I was trapped in spiritual materialism, held captive by the “The Lord of Speech” which refers to, “the inclination on the part of ego to interpret anything that is threatening or irritating in such a way as to neutralise the threat and turn it into something ‘positive’ from ego’s point of view. The Lord of speech refers to the use of concepts as filters to screen us from a direct perception of what is.” (Cutting Through Spiritual Materialism , Chogyam Trungpa, pages 5-11.)
Not only that, but as an instructor, I also helped others to see the way I did. I pray that none of them ended up close to the fire.
After all, I rationalised, sometimes I must speak firmly to my child or she does not understand how important it is to correct herself. And there are stories of the unconventional crazy wisdom approach helping students in Tibet in the past. Fine beliefs, except that I had no idea what was really going on, that the behaviour supposed to ‘correct’ or awaken the student was not in the ‘occasional’ category but was a relentless daily regime of emotional, physical and sexual abuse far beyond what I, and the majority of the Western world, could ever accept as right conduct.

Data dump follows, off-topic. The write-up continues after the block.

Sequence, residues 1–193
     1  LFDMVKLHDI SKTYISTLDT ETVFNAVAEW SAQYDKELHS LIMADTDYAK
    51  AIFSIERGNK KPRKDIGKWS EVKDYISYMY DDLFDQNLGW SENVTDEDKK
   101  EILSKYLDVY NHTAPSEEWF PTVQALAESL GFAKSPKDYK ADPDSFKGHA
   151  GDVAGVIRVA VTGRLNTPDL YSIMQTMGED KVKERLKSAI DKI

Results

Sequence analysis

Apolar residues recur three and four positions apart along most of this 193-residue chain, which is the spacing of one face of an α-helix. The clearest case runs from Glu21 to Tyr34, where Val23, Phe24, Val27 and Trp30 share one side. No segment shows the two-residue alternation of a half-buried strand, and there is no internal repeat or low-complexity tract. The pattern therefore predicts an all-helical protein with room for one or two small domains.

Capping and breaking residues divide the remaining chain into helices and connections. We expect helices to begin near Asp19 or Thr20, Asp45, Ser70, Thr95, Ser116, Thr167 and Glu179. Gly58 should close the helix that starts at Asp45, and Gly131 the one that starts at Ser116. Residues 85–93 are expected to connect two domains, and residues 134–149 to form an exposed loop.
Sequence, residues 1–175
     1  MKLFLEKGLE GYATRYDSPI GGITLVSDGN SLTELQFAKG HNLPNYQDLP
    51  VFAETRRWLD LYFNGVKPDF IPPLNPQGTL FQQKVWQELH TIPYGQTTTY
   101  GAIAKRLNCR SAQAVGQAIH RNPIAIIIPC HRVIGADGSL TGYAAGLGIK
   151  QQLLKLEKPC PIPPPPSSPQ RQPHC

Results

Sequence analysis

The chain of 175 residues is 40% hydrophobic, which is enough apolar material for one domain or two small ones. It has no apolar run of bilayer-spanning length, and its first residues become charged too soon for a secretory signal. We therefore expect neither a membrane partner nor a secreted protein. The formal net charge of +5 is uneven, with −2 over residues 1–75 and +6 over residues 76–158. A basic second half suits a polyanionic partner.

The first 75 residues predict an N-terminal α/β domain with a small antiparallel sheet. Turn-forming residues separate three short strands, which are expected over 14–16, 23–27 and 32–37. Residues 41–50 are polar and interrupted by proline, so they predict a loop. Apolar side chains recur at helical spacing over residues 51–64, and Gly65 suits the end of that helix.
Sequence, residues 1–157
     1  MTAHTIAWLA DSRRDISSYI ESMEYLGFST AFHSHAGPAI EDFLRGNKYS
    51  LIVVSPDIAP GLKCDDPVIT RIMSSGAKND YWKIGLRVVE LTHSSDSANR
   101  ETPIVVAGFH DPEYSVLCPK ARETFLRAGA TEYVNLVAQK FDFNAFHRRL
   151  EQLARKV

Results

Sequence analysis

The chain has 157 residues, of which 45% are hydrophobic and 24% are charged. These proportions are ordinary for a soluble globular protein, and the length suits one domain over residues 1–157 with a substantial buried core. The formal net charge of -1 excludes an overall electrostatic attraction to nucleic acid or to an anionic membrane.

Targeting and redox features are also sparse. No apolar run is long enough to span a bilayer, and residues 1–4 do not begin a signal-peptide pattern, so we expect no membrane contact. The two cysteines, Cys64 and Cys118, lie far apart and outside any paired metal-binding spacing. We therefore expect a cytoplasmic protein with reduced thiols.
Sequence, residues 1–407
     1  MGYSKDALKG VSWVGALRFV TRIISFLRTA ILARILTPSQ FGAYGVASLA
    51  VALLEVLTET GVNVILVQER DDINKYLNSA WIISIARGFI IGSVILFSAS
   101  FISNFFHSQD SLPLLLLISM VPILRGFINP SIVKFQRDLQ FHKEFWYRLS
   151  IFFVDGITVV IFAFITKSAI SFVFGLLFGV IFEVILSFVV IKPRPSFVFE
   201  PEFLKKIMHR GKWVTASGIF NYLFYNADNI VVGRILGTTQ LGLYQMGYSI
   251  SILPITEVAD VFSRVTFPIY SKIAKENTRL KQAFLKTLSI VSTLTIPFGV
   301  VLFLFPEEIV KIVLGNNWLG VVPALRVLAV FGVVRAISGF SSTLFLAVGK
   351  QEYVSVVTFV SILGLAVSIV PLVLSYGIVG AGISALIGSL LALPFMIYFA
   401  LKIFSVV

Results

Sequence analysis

My gratitude goes to the ‘Courageous 8’ for waking me up to my spiritual materialism.
I would like to believe that this belief system was not intended to control and coerce, but we have certainly used it this way, not just the lama, but all those, like I, who didn’t listen to those who cried out to be heard. Forgive me for my complicity.
Some students are still not listening. Some are still telling me that ultimately there is no good and bad (conveniently ignoring the relationship of interdependence and emptiness which mean, essentially, that the laws of cause and effect do operate in conventional reality and so ethics are always important), that SR is an enlightened master and that therefore everything he does is perfect, and that if I criticise him, it means I have no pure perception and I will go to Vajra Hell—the worst of the hell realms (whose existence I never believed in except as a mental state)—as if I hadn’t already had these ideas drummed into my skull. As if these weren’t the ideas that allowed this to happen in the first place and continues to allow it to happen.
Wake up, my friends, wake up. The Lord of Speech has you in his thrall.
This is part one of Confessions of a Devoted student. Part two Why I didn’t See will be posted tomorrow.